Speaking with Esquire in a Q&A published on Monday, the 32-year-old English actor -- who stars as Jon Snow on the wildly popular HBO fantasy drama -- said he has been feeling "quite defiant" regarding the eighth and final season, which premiered on Sunday.
"I don’t mean to sound mean about critics here, but whatever critic spends half an hour writing about this season and makes their [negative] judgement on it, in my head, they can go f**k themselves," Harington declared.
The actor went on to say that the show was a true labor of love, and the extreme efforts of the cast and crew to make the final season come together shouldn't be undercut by haters and critics.
"I know how much work was put into this. I know how much people cared about this. I know how much pressure people put on themselves and I know how many sleepless nights, working or otherwise, people had on this show," Harington said. "Because they cared about it so much. Because they cared about the characters. Because they cared about the story. Because they cared about not letting people down."
"Now if people feel let down by it, I don’t give a f**k -- because everyone tried their hardest," he declared.
Harington went on to say that, ultimately, the biggest fans of the show are those who were a part of its production, the dedicated actors, writers, directors and army of different crew members who dedicated years of their lives to crafting one of the most acclaimed and lauded shows in TV history.
"We’re kind of doing it for ourselves. That’s all we could do, really. And I was just happy we got to the end," Harington shared.
The star admitted, however, that before he ever signed on to be a part of the series -- long before its premiere in April 2011 -- he had his reservations about the script, which he found more than a little confusing, considering the show is set in a world with a rich, complex history, as well as supernatural elements -- such as a winter that lasts years and murderous ice zombies.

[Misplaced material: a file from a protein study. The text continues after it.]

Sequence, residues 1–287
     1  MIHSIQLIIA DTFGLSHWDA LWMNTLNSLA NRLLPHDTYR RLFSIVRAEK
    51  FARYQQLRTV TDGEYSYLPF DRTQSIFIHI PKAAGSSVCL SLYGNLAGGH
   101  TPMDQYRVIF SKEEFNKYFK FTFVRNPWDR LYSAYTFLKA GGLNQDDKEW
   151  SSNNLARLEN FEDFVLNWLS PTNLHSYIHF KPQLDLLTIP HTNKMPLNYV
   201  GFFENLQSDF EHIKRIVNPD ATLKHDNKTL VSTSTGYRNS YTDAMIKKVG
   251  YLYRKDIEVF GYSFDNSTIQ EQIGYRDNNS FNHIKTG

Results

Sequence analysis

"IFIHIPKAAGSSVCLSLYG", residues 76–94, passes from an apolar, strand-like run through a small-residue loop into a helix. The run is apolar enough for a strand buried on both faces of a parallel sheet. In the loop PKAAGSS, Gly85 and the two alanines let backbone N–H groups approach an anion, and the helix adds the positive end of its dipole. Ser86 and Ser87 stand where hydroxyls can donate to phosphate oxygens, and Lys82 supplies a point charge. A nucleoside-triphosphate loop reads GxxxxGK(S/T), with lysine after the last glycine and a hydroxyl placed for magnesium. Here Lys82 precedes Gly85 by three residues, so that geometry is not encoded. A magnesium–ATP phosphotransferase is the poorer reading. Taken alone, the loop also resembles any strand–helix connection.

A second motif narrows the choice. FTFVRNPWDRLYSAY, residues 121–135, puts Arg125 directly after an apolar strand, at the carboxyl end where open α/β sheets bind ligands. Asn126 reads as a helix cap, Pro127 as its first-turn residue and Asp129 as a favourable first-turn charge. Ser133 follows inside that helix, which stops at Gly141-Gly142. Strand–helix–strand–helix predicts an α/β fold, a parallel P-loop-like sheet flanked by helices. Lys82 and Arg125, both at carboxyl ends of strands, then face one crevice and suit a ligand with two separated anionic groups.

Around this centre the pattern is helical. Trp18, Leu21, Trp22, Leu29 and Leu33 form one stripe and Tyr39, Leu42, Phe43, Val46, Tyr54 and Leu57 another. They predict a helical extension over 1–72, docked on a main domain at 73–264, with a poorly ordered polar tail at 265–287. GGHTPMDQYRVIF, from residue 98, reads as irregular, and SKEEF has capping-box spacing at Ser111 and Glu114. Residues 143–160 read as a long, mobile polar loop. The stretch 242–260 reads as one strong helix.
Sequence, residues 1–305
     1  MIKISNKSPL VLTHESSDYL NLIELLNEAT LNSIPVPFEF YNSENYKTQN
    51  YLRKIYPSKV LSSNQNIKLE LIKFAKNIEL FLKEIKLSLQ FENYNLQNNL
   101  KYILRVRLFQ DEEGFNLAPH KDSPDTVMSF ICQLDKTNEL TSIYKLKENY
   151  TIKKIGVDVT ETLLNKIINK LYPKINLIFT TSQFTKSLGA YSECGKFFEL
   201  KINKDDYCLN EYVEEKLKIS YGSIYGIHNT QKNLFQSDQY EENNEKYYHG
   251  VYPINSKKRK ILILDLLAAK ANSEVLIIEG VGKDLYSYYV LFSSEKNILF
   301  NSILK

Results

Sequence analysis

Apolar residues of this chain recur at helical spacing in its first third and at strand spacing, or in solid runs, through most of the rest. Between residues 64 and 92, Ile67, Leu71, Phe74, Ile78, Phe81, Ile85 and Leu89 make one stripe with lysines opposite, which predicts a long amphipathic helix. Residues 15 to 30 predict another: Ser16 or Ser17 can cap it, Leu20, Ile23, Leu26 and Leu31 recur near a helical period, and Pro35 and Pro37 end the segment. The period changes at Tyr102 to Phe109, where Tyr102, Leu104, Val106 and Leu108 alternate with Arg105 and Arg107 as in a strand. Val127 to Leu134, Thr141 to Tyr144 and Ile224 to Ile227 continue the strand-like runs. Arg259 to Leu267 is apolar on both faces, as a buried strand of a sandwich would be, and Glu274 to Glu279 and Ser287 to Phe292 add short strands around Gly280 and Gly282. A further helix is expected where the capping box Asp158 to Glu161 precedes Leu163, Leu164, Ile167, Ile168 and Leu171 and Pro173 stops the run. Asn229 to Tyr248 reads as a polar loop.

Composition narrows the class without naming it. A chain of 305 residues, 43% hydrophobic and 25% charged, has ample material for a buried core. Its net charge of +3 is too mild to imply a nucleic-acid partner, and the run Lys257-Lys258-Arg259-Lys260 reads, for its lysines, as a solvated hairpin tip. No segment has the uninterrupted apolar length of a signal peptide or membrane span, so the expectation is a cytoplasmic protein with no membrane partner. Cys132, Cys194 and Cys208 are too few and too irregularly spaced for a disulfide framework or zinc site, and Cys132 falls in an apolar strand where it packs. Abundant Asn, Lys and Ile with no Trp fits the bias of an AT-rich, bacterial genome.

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"To me, looking back, when I read the pilot way back in 2009, I remember thinking, 'What is this crock of s**t? I don’t understand this. I’m going to have to read this again,'" Harington recalled. "And I read it again. And I’m like, 'I still don’t get this s**t at all. I think it’s kind of weird, but it’s HBO and alright, let’s do it.'"
"But you watch it, you invest in it, and you go, 'Okay, I’ll buy into this world. Fine. I’m in,'" regarding the show's undeniable attraction to legions of fans.
While Harington is a staunch defender of his show, that doesn't mean shooting the final season was always a walk in the park.
He's frequently opened up during interviews about the variety of difficulties and hardships faced during some of the more grueling scenes, and in "Game Revealed," a behind-the-scenes featurette about the final season, Harrington disclosed that he almost suffered a particularly painful and hilariously embarrassing injury while filming one key scene in the season 8 premiere, which saw him flying on the back of a dragon.
To shoot the CGI-heavy sequence, the production uses a buck, which is a robotically-controlled rig, similar to a mechanical bull, that serves as the stand-in for the dragon's back. The actors sit atop the buck in front of a green screen to film the dragon-riding sequences.
"Buck work is not easy. I think what sums up the buck for me was, there was a bit where Jon almost falls off," Harington revealed in the special. "The dragon swings around really violently, like this, and my right ball got trapped, and I didn't have time to say ‘Stop!' And I was being swung around."
"In my head, I thought, 'This is how it ends, on this buck, swinging me around by testicles, literally,'" Harington said with a laugh, before apologizing for sharing "too much information."
Another reason the actor might be such a staunch defender of the series, aside from all the hard work that's been put into it, is due to the role the show has played in his personal life.
"I said to Rose the other night, I was like, 'We've been tethered by this show, a long time we've loved it,'" Harington recalled, adding that watching the premiere felt like a fun chance to revisit the series. "When we finished filming, we said goodbye to it, so this sort of feels like an added bonus that we get to watch it and celebrate it now."